“We’re opera mad in Camelot
We sing from the diaphragm a lot”
Though Joe Pasquale may be joining the cast of Spamalot from the 17th June to play King Arthur for six weeks, I would say that now is actually a great time to go and see the show at the Playhouse Theatre, tucked away down by Embankment station. Though it may arguably lack a ‘star name’, what it does offer is an extremely strong piece of musical theatre, delivered excellently by bona fide musical theatre performers, and none more so than Robin Armstrong who makes for an utterly adorable central presence as the King of the Britons.
I only actually saw the show for the first time when it started its tour back in 2010 as since we never really watched Monty Python in our household as kids, the show held no fascination for me when it was in the West End. But its utter silliness and its determination not to take itself too seriously at all won me over and so I was more than happy to make a return visit, especially given the names that were popping up in the cast.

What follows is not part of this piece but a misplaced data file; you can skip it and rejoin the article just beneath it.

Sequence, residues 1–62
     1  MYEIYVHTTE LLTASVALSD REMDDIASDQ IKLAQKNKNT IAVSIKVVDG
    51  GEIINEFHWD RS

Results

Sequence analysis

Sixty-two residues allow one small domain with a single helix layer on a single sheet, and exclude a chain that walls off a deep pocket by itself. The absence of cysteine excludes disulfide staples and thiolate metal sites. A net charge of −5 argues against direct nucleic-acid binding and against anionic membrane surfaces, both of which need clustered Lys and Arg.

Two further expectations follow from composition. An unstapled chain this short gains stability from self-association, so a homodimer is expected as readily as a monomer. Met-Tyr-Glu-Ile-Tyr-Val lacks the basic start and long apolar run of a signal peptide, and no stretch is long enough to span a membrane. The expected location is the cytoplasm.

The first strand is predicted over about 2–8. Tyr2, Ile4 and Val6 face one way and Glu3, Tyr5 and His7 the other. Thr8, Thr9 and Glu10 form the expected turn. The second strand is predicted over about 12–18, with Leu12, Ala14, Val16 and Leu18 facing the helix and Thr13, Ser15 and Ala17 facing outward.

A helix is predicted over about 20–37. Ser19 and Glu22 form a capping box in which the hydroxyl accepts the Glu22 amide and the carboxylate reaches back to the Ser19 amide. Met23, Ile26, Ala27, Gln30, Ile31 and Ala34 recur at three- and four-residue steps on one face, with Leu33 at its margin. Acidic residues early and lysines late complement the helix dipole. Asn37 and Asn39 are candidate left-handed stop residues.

Kit Orton – an actor who actually makes me swoon – was excellent in the recent The Hired Man and makes an impressively virile Sir Lancelot here, though his French knight is hilarious and his Tim the Enchanter is most definitely relevant to my interests. Samuel J Holmes, a temporary member of this cast, has been one to watch for me since I first saw him in the all-male Pirates of Penzance and slotted in very well, Mrs Galahad probably his best moment. And Bonnie Langford (the possible exception to the star casting?) is clearly revelling being on the stage again, her show-stealing turn in 9 to 5 matched by the more obvious melodramatics of the Lady of the Lake here, a role entirely suited to a woman who oozes showbiz.
The show still zips along at a nifty pace, full of laughs and cheesily topical references – Boris bikes good, Jedward not so much – and so much of it is just irresistibly good fun. The scenes with the guards defending Prince Herbert left me helpless with laughter once again, the killer rabbit will never not be funny and the reinventions of the knights – Rob Delaney’s Sir Robin and Chris Jenkins’ tousled Sir Galahad making up the rest of the set – constantly keep you on your toes with their surreal riffs and amusing absurdities.
And at the heart of it, Robin Armstrong’s King Arthur felt like a perfectly suited leading man. Subtle is the wrong word to use in this context but there’s something just right in the way that he doesn’t overplay the broad comic notes as imported comedians might be wont to do, demonstrating an innate understanding of how the laughs will come anyway when the material, as written by Eric Idle, is this funny. Hitting the right note of goofy charm, he is worth making the trip to see this show, which remains as entertaining as it ever did.